Fig Massacre Part 3: Mafia Possum Suspected

Suspect seen fleeing the scene, but not apprehended.

He left a little mafioso warning behind...

Paws up against the wall, buddy!

Saturday, September 02, 2006

Fig Massacre Part 2

This year a serial fig plunderer has hit our home. I awoke to this bloody scene this morning- the fig's entrails ripped out ruthlessly, left hanging, left for dead...

(But you have to tilt your head to the right to see it the correct way- for some reason it won't show up on my desktop flipped)

Juicy Tomatoes of the World Unite

This spring I grew a whole bunch of heirloom tomato plants from seed and gave them away to people near and dear. A summer later, this is their story:

Ilga: These ANANAS NOIRE tomatoes were grown in a fire escape of an historical building in Hollywood. Gorgeous!

Amy's tomaters are the juiciest tomatoes I've ever seen. Oye, mamita! From South Pasadena.

Mindy and Eric's tomato structure In Highland Park looks so beautiful- I love that he built it for her. It's like the gardening equivalent of giving diamonds. Chivalry is not dead, friends. Very gentlemanly...They are growing a variety of tomatoes this year.

Natasha's HILLBILLY in South Pasadena with Cheryl the Rooster in the background guarding the plants. We couldn't figure out why these hadn't produced anything this year, until...Natasha revealed that she had grown corn (a heavy feeder) in the exact same spot the year before, which most likely has something to do with it. Cheryl and Mindy also had problems with their HILLBILLYS, though, too. Interesting....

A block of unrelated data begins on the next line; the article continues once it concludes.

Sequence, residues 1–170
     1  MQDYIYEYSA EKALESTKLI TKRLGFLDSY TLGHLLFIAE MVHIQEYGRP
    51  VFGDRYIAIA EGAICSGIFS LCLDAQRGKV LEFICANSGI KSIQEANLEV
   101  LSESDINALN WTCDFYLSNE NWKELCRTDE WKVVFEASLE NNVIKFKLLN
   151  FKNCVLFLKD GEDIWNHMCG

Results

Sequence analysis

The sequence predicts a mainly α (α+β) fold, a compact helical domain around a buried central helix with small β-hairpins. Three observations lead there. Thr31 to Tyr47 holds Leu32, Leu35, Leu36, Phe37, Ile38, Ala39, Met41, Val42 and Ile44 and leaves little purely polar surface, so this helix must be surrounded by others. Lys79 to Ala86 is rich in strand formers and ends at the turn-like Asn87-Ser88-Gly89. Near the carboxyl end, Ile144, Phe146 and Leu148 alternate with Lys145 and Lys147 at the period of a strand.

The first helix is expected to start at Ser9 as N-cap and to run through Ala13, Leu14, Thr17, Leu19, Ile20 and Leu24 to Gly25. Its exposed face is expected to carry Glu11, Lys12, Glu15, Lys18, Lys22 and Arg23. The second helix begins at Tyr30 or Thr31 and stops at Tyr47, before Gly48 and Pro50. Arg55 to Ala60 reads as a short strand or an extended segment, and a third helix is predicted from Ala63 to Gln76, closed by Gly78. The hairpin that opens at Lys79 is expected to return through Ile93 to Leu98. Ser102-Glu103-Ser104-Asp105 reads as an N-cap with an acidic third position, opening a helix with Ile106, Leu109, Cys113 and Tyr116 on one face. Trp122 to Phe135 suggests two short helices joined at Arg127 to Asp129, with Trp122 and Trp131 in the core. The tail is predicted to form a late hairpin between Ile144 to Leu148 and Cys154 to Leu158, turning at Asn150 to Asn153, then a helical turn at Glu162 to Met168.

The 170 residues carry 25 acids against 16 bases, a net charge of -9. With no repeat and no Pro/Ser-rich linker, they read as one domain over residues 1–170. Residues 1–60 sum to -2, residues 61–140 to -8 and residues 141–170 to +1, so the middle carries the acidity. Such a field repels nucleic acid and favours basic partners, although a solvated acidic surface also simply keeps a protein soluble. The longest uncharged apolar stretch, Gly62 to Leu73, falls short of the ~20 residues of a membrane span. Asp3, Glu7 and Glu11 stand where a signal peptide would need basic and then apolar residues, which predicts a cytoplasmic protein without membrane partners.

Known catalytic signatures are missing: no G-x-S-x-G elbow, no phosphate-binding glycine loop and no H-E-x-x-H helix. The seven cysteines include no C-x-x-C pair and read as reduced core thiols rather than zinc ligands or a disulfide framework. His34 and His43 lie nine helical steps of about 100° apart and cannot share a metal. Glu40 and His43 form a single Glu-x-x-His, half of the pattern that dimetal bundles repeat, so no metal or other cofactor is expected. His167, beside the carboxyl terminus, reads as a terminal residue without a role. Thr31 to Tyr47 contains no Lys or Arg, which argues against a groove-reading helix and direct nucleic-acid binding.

Kirsten's toms- an ANANAS NOIRE can grow in Downtown LA. Go, tomato, go!

Elea's various maters scramble all over a trellis in South Pas- I dig the velvet pillows. Shouts to AD for the photo.

Tiana's BLACK BRANDYWINE in Ventura county benefit from a marine breeze- here with Swiss chard in the background:

Cheryl's grow between a rock and a hard place in Altadena-from left- KENTUCKY BEEFSTEAK, HILLBILLY, AND BLACK KRIM:

Beth made a sweet PATIO ORANGE tomato still life with a note on my desk at work one morning- I was very surprised these were red, and not orange. Whassup with that, world?

Lila's ripening ANANAS NOIRE in Los Feliz looks beaut even when green:

Maria in Canyon Country has produced some delicious ISIS CANDY- here with bonus still life with roses from her garden:

My own juicy ANANAS NOIRE- the critters didn't get this baby!

This years tomato growing season has been exciting, even dangerous at times (well, not really, I'm just being dramatic) - next year I vow to do things differently. I WILL start my seeds earlier and cover them with little plastic cloches. I WILL spray the seedlings with seaweed emulsion every 2 weeks. I WILL choose only the most hearty, disease resistant, heaviest producing tomatoes. I WILL disseminate tomatoes to people in a timely fashion with a copy of planting instructions. And I WILL not forget any of these things come spring!

Peace out, tomatoes and tomato growing peoples- it's been fun- until next year! Thank you so much for participating in my tomato madness and providing photos of your beautiful babies...

I hope it was a great adventure for all,

Your humble Garden Tramp

PS-ANANAS NOIRE seemed to be the superstar this year, producing earlier than others, and more reliably. The plants seemed vigorous. The flesh looks amazing when cut, is delicious and low in acid. I would grow them again next year. For some REAL tomato reviews, check out Hanna's Tomato Tastings 2006, they are the bomb.